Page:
Chinese e-retailers to boost transpacific airfreight – at least for now


Air cargo demand will enjoy a sustained boost as Chinese e-retailers such as Temu and Shein attempt to establish sizeable market share in the US, a senior member of Dimerco Express Group told The Freight Buyers’ Club podcast in mid-May.

However, said vice president of global sales and marketing, Kathy Liu, the strategy trailblazed by rival retailer Amazon for more sustainable ocean-based supply chains will eventually emerge, she predicted.

Shanghai-based Liu believes however that the fast-growing Chinese retail platforms will continue to rely on air freight in the short and medium-term as they differentiate their services from rivals by offering ‘on-demand’ product delivery to US buyers direct from China.

“Every order they take, they ship directly from their warehouse in China,” she told The Freight Buyers’ Club podcast (video available for publication here). “So, it means all those products need to move by air freight. Ocean freight will not be accepted by consumers.”

Consumers purchasing from the mostly Chinese merchants selling on the platforms receive all-in prices with “everything included including transportation, so the end consumer has no need to pay any freight and there’s also no membership charge,” she said.

Liu said the shopping platforms were primarily focussed on overseas markets with many products not even available to buy in China. “Their main focus is the US market,” she added.

According to data from ShipMatrix, Shein and Temu are each now shipping around a million packages a day on average in the US, helping drive spot rates and demand out of Asia by freighter and bellyhold.

Liu said that, unlike Amazon and Alibaba, which generally use ocean freight shipments and store inventory in the US for last-mile delivery, Temu and Shein had not invested heavily in US warehousing. Instead, they sort deliveries into pallet load sizes in China and then air freight shipments for direct delivery to consumers from US airports.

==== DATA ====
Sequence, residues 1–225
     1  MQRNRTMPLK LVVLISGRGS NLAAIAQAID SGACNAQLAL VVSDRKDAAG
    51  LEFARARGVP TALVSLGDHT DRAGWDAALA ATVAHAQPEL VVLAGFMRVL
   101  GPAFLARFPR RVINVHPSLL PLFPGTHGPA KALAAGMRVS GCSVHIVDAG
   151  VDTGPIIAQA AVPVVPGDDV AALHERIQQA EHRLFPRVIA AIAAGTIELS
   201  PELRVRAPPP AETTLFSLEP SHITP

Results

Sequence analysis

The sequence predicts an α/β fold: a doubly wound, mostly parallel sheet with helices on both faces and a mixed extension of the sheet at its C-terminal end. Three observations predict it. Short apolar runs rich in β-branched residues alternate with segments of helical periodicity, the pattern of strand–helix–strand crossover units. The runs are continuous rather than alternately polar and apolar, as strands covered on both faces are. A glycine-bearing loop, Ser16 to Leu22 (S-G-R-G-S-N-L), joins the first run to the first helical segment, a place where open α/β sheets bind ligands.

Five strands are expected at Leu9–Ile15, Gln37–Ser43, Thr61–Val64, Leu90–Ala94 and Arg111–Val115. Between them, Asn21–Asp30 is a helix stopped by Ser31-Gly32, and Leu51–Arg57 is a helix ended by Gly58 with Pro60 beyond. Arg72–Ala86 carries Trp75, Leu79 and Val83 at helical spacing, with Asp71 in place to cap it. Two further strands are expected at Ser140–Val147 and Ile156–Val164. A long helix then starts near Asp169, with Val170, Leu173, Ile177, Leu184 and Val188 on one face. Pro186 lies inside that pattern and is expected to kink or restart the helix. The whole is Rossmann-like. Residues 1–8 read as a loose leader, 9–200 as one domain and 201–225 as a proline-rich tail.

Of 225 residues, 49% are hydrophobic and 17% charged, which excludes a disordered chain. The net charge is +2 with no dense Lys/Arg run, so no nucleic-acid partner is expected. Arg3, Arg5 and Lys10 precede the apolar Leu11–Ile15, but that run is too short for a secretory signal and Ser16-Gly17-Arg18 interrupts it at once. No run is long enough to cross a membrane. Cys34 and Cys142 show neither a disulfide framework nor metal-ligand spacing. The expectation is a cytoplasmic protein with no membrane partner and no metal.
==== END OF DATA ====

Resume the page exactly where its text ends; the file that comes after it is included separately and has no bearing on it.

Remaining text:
Temu has however started sea/air routes via Taiwan, Japan, and Korea into the US, resulting in “freight rates from these alternative routes that are now exceeding those from mainland China – an unusual occurrence.”

However, she predicts that once market share has been secured and data analysis is able to help better predict product demand ahead of time, more cost-effective logistics solutions will be developed by Chinese e-retailers.

“What we see is that maybe during the next two to three years, they will gradually reduce the airfreight volume and switch to ocean freight, especially after they get [better] big data analysis and understand what kind of product is most frequently ordered by consumers.”

Lui told ehe podcast that e-commerce shipments, on top of strong demand for e-cigarettes and spare parts exports from China to the US, helped keep trans-Pacific air cargo buoyant in the second quarter of 2024.

Space on flights from Beijing to the US has been particularly tight in recent weeks, she added, while exports from China were also driving up volumes at key carrier transit hubs in places such as Taiwan, Singapore and Hong Kong.

On the Asia-Europe trade lane, Liu said the volatile situation in the Middle East and demand for the transportation of materials to France ahead of this summer’s Olympic Games was resulting in relatively tight space with shippers needing to book in advance or use alternative sea-air or all-rail options.

Lui was also upbeat about the general outlook for air cargo for the rest of the year, citing semi-conductor and high-tech demand and a generally improving economic picture.

“I’m actually very positive for the rest of 2024,” she said. “We are quite confident for the coming months. We are expecting a peak during the final quarter.”